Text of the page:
Juniper vs. Palo Alto Networks Legal Battle Continues

Both sides are claiming victory in a summary judgement handed down this week, but a full decision isn't coming until the case goes to trial.

By Sean Michael Kerner | Posted Feb 7, 2014
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Juniper Networks and Palo Alto Networks have been embroiled in a bitter legal battle since at least 2011.

Palo Alto Networks was founded by a number of high-level Juniper employees in 2007. Juniper alleged that Palo Alto has infringed on a number of its patents. Palo Alto disagrees.

A summary judgement in the case was handed down on February 6th by Judge Sue L. Robinson of the U.S. District Court for the District of Delaware. Both companies are claiming it as a victory.

"We believe the ruling is consistent with our position that we do not infringe these patents," said Mark McLaughlin, chief executive officer of Palo Alto Networks, in a statement.

In a statement of its own, Juniper noted that it is also pleased with the opinion issued by the Delaware court.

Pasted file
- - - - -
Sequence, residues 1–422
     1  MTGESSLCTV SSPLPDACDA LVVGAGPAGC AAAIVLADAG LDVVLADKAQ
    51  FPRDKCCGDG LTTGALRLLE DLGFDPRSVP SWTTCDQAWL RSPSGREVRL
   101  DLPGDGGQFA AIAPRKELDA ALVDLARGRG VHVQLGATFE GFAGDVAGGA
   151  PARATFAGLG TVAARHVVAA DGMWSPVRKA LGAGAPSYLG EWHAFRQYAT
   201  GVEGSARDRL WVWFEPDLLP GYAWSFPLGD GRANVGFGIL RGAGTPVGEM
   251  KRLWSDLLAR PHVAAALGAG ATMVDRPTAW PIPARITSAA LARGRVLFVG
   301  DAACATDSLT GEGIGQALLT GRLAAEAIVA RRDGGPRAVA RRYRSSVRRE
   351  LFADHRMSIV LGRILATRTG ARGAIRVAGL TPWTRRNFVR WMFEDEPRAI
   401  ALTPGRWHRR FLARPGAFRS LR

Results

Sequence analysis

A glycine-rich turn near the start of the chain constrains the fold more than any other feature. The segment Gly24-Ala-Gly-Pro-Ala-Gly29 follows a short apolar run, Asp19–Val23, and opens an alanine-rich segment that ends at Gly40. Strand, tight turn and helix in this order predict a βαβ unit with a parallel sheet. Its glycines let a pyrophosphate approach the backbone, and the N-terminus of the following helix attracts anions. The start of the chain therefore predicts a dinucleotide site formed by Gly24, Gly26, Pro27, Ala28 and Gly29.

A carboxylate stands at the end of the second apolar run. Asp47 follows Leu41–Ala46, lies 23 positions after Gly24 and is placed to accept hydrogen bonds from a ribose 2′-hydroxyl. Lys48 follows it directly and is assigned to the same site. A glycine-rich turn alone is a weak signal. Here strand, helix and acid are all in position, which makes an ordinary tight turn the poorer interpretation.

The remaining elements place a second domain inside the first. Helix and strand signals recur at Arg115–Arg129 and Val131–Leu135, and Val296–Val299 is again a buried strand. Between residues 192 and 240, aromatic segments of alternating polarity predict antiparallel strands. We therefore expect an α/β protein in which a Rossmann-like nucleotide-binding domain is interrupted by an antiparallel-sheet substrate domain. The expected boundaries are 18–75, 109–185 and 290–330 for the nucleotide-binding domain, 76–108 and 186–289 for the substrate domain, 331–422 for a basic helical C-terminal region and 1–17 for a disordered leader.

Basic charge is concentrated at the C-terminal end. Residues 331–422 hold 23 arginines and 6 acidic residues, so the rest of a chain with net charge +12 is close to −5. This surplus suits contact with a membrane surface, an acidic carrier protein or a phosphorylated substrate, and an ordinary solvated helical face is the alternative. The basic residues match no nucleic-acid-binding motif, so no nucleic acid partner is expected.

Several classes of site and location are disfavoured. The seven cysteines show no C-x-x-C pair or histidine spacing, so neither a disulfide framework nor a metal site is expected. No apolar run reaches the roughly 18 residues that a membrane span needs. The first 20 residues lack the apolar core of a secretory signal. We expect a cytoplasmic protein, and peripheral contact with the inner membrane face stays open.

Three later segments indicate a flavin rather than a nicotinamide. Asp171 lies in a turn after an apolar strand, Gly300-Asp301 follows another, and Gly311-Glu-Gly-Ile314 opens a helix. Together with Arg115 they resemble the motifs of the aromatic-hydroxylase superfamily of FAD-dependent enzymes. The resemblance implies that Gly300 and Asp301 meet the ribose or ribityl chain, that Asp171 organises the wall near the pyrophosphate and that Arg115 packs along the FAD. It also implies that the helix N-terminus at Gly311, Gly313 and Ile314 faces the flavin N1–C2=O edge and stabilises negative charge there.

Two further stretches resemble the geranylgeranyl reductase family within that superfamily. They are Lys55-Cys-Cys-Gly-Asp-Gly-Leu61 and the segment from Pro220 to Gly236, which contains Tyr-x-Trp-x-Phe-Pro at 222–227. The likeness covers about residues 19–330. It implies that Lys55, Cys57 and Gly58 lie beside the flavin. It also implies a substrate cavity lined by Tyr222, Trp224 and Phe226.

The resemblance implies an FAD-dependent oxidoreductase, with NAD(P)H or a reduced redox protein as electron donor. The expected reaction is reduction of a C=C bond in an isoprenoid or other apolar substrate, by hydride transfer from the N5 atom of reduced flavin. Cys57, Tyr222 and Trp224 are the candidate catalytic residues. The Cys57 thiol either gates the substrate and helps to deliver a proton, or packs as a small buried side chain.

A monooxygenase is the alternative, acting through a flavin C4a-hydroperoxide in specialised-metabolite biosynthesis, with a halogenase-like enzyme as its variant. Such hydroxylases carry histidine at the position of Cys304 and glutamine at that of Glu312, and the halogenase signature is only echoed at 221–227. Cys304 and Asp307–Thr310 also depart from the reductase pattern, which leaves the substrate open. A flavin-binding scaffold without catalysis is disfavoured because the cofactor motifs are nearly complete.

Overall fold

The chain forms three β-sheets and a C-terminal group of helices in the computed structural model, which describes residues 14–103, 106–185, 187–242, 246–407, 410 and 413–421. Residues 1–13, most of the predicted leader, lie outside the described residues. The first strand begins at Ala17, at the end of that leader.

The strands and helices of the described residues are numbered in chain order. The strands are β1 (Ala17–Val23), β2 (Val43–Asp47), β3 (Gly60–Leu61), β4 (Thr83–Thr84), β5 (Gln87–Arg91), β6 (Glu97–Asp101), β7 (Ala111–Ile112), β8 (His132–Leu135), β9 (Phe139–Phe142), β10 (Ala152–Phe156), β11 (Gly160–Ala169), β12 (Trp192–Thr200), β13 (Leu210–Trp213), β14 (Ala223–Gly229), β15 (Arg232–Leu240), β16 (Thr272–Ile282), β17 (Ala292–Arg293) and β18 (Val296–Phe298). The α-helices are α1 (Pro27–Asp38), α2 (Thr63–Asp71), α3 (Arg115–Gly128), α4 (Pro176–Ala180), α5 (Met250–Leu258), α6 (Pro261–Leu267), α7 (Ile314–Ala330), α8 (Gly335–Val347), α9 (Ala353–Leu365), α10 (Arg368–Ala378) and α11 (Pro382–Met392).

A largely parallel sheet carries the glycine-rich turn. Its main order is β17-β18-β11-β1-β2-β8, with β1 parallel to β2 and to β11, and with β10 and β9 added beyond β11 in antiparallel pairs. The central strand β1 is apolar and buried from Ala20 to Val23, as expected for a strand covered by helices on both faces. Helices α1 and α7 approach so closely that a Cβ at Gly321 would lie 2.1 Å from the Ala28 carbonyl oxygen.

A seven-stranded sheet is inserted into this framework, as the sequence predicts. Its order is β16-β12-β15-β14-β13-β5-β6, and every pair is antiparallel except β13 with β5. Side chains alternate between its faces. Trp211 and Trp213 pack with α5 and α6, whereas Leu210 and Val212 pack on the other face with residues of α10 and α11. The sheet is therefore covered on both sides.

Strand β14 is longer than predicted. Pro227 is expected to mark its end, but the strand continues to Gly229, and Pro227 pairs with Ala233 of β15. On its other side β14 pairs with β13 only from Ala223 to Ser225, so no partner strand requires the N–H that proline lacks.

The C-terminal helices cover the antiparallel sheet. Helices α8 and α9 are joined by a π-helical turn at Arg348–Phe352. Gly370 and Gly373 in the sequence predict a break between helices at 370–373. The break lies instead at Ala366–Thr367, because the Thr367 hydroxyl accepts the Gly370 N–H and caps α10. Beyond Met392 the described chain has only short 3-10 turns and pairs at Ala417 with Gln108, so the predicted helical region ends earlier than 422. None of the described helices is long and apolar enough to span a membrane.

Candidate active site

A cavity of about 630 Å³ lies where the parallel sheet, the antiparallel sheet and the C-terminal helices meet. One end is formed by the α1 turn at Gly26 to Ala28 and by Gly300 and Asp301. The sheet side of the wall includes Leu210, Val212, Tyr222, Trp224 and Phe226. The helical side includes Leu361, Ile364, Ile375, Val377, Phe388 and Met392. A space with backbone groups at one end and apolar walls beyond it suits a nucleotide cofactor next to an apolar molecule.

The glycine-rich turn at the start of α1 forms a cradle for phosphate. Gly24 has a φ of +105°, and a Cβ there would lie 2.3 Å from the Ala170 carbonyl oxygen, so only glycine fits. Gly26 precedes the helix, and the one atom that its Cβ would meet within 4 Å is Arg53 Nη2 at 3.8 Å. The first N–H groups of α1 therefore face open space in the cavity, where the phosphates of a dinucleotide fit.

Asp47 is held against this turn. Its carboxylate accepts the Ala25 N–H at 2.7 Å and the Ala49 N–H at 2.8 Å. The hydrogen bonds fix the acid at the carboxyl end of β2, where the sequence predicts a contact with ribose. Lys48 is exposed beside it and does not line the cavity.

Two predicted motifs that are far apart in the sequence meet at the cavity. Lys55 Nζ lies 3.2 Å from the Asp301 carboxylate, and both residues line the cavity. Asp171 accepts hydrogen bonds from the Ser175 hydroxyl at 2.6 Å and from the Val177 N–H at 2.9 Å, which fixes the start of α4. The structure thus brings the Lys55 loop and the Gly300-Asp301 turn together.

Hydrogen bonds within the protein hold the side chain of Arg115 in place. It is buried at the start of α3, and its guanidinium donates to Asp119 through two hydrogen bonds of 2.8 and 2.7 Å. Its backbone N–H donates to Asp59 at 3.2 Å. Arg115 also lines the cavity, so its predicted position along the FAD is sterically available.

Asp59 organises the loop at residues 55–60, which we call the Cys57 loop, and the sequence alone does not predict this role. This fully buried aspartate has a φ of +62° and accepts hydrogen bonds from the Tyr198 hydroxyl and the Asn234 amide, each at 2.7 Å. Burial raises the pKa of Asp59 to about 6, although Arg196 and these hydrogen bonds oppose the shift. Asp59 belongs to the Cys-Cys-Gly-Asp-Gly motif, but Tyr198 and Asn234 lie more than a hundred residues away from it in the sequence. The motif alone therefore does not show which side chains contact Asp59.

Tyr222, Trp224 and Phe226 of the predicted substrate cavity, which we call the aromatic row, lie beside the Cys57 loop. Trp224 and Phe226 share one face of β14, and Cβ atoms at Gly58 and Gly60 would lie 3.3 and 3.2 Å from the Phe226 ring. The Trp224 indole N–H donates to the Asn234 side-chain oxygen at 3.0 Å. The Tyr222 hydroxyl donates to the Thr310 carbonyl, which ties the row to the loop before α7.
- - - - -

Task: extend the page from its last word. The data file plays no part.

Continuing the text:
"The judge granted Juniper's motion for summary judgment on assignor estoppel on all asserted patents," Juniper stated. "The significance of that ruling is that Palo Alto Networks (PAN) will not be able to claim that the patents are invalid."

The legal concept of assignor estoppel restricts the ability of a person that is granted a patent to attack that patents validity at a future point. The patents in question from Juniper were invented by the Palo Alto executives while they were still working at Juniper.

Juniper noted that Judge Robinson rejected PAN's requests to dismiss Juniper's seven patents from the case, holding that Juniper may present its claims to the jury on all patents.

Juniper has asked for summary judgement in the case that Palo Alto was in fact infringing on Juniper's patent. Judge Robinson denied that motion from Juniper, which doesn't mean the case is over. It just means the case still has to go to a trial, which is currently scheduled for February 24th.

"Juniper intends to continue vigorously defending and protecting against the willful infringement of its intellectual property, and we look forward to our upcoming day in court," Juniper stated.

Sean Michael Kerner is a senior editor at Enterprise Networking Planet and InternetNews.com. Follow him on Twitter @TechJournalist

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